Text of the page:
That's still in the future. For the present, says Hyundai's Zuchowski, "we still have to close the perception gap among potential buyers. We're in a neutral spot now. The number who would consider us went from 22 percent to the mid-30s in the past year. That's a nice number, but Honda and Toyota have a 60 percent-plus number. So there's work to be done."

While Hyundai is moving fast, there's an awareness of trying to do too much too soon. They don't want to find themselves in the position Toyota is in, its image hit by numerous recalls, falling values, and fewer buyers.

But Hyundai said Wednesday it was voluntarily recalling 5,000 of the brand-new, U.S.-built Sonatas for front door locks that can stick in the open position. About 1,300 cars have been delivered to customers.

"Our company culture is one of speed," says Zuchowski. "What happened at Toyota is a good sanity check for us. It's easier to have world-class quality when you only build entry-level and mid-sized vehicles. It gets more complex when you're a full-line manufacturer. We consider Toyota a fabulous competitor. Any OEM [original equipment manufacturer] looks at the Toyota situation and says, 'There but for the grace of God go we.'"

Still, speed has been a Hyundai trademark.

Its 2009 Assurance program to buy back a new Hyundai if the purchaser lost his job "went from the back of a napkin to implementation in 37 days," says Zuchowski. "There was a risk of using an advertisement based on losing your job, but it struck a chord among the public."

So did last summer's program guaranteeing gas prices of $1.49 per gallon for a year when the price of fuel was fluctuating wildly.

So did fronting the money to dealers to implement "Cash for Clunkers" three-and-a-half weeks before the government got its program in place. "That program was made for Hyundai. We're known for having the best fuel economy (30 miles per gallon as a fleet average) and J.D. Power quality ratings. We hit that one [Cash for Clunkers] out of the park," says Zuchowski.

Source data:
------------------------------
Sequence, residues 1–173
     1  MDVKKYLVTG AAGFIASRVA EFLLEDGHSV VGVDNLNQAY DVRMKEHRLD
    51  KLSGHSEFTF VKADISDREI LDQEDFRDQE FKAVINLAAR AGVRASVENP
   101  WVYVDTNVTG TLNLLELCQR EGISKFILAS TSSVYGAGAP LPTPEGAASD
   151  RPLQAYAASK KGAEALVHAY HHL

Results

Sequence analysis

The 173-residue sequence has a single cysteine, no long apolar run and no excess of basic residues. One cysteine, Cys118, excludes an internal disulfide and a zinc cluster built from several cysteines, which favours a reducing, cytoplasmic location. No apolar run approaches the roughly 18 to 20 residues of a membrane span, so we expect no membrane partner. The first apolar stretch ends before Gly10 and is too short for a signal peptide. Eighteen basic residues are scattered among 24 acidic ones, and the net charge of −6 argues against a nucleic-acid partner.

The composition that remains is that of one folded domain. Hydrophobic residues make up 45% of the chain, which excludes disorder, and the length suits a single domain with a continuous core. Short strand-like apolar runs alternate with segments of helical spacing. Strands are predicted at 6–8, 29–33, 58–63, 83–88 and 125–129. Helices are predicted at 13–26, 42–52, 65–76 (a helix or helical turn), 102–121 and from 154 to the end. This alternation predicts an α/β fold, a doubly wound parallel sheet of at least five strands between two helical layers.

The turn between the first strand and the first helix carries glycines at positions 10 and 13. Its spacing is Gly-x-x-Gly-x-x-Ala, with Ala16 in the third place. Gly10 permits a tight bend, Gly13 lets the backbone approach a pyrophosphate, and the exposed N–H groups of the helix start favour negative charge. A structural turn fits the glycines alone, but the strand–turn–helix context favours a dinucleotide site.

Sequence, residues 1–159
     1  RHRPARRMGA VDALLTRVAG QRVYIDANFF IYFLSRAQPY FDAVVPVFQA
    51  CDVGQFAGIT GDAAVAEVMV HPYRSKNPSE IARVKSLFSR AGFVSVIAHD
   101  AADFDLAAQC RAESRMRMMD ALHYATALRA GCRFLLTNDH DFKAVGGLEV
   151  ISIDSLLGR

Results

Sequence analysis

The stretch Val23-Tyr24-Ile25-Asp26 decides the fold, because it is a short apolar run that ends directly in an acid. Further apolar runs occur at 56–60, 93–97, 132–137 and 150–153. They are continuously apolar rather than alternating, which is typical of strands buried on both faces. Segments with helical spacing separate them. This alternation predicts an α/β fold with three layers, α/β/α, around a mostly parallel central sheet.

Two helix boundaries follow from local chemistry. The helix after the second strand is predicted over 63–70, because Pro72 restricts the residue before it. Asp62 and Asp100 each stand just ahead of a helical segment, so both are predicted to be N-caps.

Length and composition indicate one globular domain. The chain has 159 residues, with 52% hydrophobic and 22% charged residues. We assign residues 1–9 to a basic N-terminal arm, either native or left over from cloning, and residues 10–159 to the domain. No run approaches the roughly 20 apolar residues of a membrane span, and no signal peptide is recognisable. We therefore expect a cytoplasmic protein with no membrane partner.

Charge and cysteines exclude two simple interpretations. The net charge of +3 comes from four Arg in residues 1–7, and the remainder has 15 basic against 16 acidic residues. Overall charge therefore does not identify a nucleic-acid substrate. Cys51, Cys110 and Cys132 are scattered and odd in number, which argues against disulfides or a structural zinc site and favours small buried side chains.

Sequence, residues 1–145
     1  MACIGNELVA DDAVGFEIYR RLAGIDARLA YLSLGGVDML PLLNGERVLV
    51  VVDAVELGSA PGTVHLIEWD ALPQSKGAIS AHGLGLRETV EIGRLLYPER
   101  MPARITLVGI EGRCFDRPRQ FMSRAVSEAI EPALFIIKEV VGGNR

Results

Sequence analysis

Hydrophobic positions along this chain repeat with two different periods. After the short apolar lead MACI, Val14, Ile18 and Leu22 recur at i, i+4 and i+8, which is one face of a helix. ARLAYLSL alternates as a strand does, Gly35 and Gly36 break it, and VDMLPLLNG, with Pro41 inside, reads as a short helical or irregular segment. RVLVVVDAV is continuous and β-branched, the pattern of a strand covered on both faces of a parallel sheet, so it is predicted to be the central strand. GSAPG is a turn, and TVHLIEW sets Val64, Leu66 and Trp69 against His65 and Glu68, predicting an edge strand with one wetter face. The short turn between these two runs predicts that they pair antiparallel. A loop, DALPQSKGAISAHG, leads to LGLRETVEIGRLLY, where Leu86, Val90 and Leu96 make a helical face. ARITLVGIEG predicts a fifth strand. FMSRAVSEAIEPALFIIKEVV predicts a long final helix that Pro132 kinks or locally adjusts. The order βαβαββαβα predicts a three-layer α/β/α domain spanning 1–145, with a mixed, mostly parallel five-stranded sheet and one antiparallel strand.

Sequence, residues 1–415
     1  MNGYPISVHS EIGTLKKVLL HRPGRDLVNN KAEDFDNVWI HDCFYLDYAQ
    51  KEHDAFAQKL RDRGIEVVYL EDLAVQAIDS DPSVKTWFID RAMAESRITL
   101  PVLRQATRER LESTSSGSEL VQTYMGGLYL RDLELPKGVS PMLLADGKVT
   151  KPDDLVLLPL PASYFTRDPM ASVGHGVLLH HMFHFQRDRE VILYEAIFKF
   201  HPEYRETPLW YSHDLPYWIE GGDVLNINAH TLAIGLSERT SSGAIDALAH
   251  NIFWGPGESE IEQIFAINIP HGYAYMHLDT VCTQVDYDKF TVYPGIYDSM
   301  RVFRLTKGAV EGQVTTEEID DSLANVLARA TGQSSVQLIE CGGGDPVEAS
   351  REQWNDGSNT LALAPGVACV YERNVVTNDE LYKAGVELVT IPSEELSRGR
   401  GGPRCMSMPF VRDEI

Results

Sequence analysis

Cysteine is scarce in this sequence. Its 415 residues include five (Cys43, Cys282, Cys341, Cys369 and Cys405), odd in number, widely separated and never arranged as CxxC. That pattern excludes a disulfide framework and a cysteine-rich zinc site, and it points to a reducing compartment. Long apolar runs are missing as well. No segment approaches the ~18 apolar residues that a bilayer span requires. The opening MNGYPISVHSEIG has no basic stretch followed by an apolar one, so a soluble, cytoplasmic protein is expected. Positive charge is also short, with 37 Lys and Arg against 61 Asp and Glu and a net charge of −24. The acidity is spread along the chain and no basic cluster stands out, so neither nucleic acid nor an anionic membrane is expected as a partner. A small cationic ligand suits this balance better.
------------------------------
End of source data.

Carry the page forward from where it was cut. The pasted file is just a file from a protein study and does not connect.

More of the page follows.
Hyundai was one of three companies to see sales increase last year, along with sister company Kia and Subaru.

"We don't expect the stars to align for us like that again in 2010," says Zuchowski. "We have learned that both manufacturers and dealers can make money in a smaller sales market, that supply and demand is a good regulator, that excess inventory is a killer."

Natick's Connolly, meanwhile, is just happy at Hyundai's present place and pace. "The buzz is incredible. Our market share is increasing. I'm excited about where the brand could go," he says. "The sky's the limit."

This blog is not written or edited by or the Boston Globe.
The author is solely responsible for the content.

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Clifford Atiyeh is an automotive writer and car enthusiast . He has spent his entire life driving cars he doesn't own.